Corporate bond market clientele
Document TypePhD thesis
Access StatusOpen Access
© 2019 Dr Robert Manolache
This thesis consists of two essays that explore research questions related to corporate bond market clientele. In the first essay, I examine the investment behaviour of corporate bond mutual funds, the fastest-growing clientele for corporate bonds in recent times. Specifically, I study the extent to which the funds’ investment decisions are driven by their investment mandates. In the second essay, I draw on anecdotal and empirical evidence that shows that clientele in corporate bond markets are fundamentally different from clientele in equity markets. I apply these insights to examine how corporate policy is affected by differences between corporate bond and equity investors’ pricing of risk. Theoretical and anecdotal evidence suggests that mandates are a key determinant of mutual fund investment behaviour. However, other evidence reveals that mandates are not legally binding, and funds may have incentives to deviate. In the first essay, I compare the investment expenditure of funds with different mandates within segments of the corporate bond market. The segments categorize bonds according to maturity or credit rating. I find that, in each segment, the funds that spend relatively more (less) are those whose mandates imply that they should invest more (less) in that segment. For example, if a fund states that it targets a longer portfolio maturity, the fund invests significantly more in long-term bonds, on average, relative to funds that target shorter portfolio maturities. These results apply not only to average investment expenditure, but also to how each incremental unit of flow is allocated across segments. Results hold in subsamples of secondary market bonds, as well as new issues, regardless of whether the issuer of a new bond is a firm in which the fund already invests. Overall, my findings suggest that the investment behaviour of corporate bond mutual funds is consistent with the funds’ mandates. In the second essay, I use a dynamic investment and financing model that accounts for differences between equity and corporate bond holders’ pricing of macroeconomic risk. In line with empirical and anecdotal evidence, I calibrate the bond investor’s price of risk to be unconditionally higher than the equity investor’s, as well as volatile and independent of the macroeconomy. Relative to a counterfactual scenario in which both investors price risk identically, average market (book) leverage is 2.8 (3.3) percentage points lower. These results reveal a new quantitatively significant channel to address the under-leverage puzzle. Also, in the scenario with heterogeneous risk pricing, firms issue equity more frequently as they substitute away from debt financing. Overall, relative to the scenario with homogenous risk pricing, firms exhibit a similar, albeit slightly lower, average rate of investment.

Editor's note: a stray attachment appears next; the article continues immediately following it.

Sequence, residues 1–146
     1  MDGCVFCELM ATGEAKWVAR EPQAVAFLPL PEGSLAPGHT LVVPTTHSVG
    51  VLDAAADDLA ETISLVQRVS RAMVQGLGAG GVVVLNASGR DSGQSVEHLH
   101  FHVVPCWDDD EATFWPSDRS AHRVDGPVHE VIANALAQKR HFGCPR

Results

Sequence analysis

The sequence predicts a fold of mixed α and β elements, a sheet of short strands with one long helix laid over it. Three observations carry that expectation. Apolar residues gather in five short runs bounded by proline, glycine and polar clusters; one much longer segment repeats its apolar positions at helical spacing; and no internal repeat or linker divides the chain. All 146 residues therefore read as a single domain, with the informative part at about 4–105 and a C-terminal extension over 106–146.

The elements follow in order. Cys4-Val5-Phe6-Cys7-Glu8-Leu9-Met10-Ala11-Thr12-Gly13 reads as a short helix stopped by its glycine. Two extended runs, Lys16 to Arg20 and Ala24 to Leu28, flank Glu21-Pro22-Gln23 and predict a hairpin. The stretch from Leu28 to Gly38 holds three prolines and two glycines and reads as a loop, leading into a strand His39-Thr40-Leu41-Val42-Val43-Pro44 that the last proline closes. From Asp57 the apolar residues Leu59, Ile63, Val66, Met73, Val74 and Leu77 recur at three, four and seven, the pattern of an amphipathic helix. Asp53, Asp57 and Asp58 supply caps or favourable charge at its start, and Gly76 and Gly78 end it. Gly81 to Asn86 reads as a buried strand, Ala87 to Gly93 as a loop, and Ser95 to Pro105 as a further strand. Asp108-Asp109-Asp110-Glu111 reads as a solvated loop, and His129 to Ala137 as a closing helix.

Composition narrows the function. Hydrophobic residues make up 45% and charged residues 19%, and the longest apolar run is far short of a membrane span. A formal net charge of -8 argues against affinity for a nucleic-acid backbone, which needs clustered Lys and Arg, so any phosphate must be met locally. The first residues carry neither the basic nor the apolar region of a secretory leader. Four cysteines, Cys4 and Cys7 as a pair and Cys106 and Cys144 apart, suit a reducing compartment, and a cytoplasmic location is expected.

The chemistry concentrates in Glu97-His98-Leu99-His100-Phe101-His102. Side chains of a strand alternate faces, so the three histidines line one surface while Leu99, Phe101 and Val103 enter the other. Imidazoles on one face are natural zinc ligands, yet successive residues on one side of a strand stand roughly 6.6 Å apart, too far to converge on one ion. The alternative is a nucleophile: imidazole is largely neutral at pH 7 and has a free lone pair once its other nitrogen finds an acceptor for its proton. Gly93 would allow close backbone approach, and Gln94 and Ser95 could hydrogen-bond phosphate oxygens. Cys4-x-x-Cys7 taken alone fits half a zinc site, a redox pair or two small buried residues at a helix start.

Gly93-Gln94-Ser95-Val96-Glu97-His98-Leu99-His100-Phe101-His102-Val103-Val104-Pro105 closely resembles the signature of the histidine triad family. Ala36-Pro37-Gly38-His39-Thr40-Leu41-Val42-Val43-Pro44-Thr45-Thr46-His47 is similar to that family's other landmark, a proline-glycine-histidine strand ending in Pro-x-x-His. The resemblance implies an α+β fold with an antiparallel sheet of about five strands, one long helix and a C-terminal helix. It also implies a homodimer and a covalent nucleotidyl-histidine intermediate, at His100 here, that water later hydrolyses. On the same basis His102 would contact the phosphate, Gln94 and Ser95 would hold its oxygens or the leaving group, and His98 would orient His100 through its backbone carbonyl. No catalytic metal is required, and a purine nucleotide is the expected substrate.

Keywordscorporate bonds; mutual funds; corporate policy; optimal leverage
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